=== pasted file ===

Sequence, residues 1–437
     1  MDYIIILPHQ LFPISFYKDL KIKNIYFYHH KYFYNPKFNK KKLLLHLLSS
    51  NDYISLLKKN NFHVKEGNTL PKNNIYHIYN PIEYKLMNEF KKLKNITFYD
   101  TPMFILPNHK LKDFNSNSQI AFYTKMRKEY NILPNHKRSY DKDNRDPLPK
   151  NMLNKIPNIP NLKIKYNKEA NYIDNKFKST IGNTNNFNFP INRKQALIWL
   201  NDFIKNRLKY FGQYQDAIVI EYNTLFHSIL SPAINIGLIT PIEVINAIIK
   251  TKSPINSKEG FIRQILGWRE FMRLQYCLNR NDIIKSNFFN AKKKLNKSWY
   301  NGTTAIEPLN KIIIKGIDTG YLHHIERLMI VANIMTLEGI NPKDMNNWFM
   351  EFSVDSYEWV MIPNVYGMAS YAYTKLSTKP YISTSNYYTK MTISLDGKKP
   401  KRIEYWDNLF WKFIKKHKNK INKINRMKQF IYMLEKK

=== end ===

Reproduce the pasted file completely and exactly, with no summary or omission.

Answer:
Sequence, residues 1–437
     1  MDYIIILPHQ LFPISFYKDL KIKNIYFYHH KYFYNPKFNK KKLLLHLLSS
    51  NDYISLLKKN NFHVKEGNTL PKNNIYHIYN PIEYKLMNEF KKLKNITFYD
   101  TPMFILPNHK LKDFNSNSQI AFYTKMRKEY NILPNHKRSY DKDNRDPLPK
   151  NMLNKIPNIP NLKIKYNKEA NYIDNKFKST IGNTNNFNFP INRKQALIWL
   201  NDFIKNRLKY FGQYQDAIVI EYNTLFHSIL SPAINIGLIT PIEVINAIIK
   251  TKSPINSKEG FIRQILGWRE FMRLQYCLNR NDIIKSNFFN AKKKLNKSWY
   301  NGTTAIEPLN KIIIKGIDTG YLHHIERLMI VANIMTLEGI NPKDMNNWFM
   351  EFSVDSYEWV MIPNVYGMAS YAYTKLSTKP YISTSNYYTK MTISLDGKKP
   401  KRIEYWDNLF WKFIKKHKNK INKINRMKQF IYMLEKK